March 1, 2018: Annual Review of Biophysics
Mohammad Bosaeed, Deepali Kumar
Immunocompromised persons are at high risk of complications from influenza infection. This population includes those with solid organ transplants, hematopoietic stem cell transplants, solid cancers and hematologic malignancy as well as those with autoimmune conditions receiving biologic therapies. In this review, we discuss the impact of influenza infection and evidence for vaccine effectiveness and immunogenicity. Overall, lower respiratory disease from influenza is common; however, vaccine immunogenicity is low...
February 27, 2018: Human Vaccines & Immunotherapeutics
Helen R Wagstaffe, Jason P Mooney, Eleanor M Riley, Martin R Goodier
Vaccination has proved to be highly effective in reducing global mortality and eliminating infectious diseases. Building on this success will depend on the development of new and improved vaccines, new methods to determine efficacy and optimum dosing and new or refined adjuvant systems. NK cells are innate lymphoid cells that respond rapidly during primary infection but also have adaptive characteristics enabling them to integrate innate and acquired immune responses. NK cells are activated after vaccination against pathogens including influenza, yellow fever and tuberculosis, and their subsequent maturation, proliferation and effector function is dependent on myeloid accessory cell-derived cytokines such as IL-12, IL-18 and type I interferons...
2018: Clinical & Translational Immunology
Leonardo T Rosa, Matheus E Bianconi, Gavin H Thomas, David J Kelly
The ability to efficiently scavenge nutrients in the host is essential for the viability of any pathogen. All catabolic pathways must begin with the transport of substrate from the environment through the cytoplasmic membrane, a role executed by membrane transporters. Although several classes of cytoplasmic membrane transporters are described, high-affinity uptake of substrates occurs through Solute Binding-Protein (SBP) dependent systems. Three families of SBP dependant transporters are known; the primary ATP-binding cassette (ABC) transporters, and the secondary Tripartite ATP-independent periplasmic (TRAP) transporters and Tripartite Tricarboxylate Transporters (TTT)...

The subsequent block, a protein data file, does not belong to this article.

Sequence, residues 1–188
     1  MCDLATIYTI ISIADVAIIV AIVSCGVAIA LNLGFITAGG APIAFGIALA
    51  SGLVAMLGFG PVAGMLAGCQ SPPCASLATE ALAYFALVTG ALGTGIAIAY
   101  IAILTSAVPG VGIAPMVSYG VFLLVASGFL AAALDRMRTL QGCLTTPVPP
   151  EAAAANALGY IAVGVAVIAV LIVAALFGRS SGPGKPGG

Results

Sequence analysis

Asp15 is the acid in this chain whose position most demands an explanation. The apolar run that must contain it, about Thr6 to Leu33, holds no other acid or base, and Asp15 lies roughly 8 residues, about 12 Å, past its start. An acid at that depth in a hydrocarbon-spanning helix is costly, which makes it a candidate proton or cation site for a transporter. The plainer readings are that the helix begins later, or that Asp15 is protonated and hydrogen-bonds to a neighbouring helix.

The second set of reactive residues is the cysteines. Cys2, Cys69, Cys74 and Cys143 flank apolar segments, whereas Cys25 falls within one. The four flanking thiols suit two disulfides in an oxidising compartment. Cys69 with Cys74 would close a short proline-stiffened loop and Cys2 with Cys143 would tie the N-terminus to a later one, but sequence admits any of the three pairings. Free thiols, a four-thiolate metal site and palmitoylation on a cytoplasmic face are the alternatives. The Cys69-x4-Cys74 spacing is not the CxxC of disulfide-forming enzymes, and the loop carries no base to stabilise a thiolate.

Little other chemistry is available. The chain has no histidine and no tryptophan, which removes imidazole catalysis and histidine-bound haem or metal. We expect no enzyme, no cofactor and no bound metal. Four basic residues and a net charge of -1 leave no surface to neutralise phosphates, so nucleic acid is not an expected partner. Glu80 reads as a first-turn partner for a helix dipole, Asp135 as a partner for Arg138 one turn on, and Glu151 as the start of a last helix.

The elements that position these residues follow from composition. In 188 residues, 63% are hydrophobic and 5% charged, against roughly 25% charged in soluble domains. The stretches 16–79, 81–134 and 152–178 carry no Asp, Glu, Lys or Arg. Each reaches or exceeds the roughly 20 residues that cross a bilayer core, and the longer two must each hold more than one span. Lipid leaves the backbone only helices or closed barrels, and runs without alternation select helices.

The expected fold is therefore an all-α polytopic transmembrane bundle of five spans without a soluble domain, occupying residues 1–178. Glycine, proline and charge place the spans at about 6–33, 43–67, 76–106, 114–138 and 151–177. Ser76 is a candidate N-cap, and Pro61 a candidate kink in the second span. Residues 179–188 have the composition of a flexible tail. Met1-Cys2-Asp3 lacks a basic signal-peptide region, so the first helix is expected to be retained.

2018: Frontiers in Cellular and Infection Microbiology
Dorothy L Moore
The Canadian Paediatric Society continues to encourage annual influenza vaccination for ALL children and youth ≥6 months of age. Recommendations from the National Advisory Committee on Immunization (NACI) for the 2017/2018 influenza season are not substantially changed from those of last season. NACI has conducted a review of all available vaccine effectiveness data concerning live attenuated influenza vaccine (LAIV) and concludes that current evidence supports the continued use of LAIV in Canada, although use is not currently recommended in the USA because of concern about efficacy...
February 2018: Paediatrics & Child Health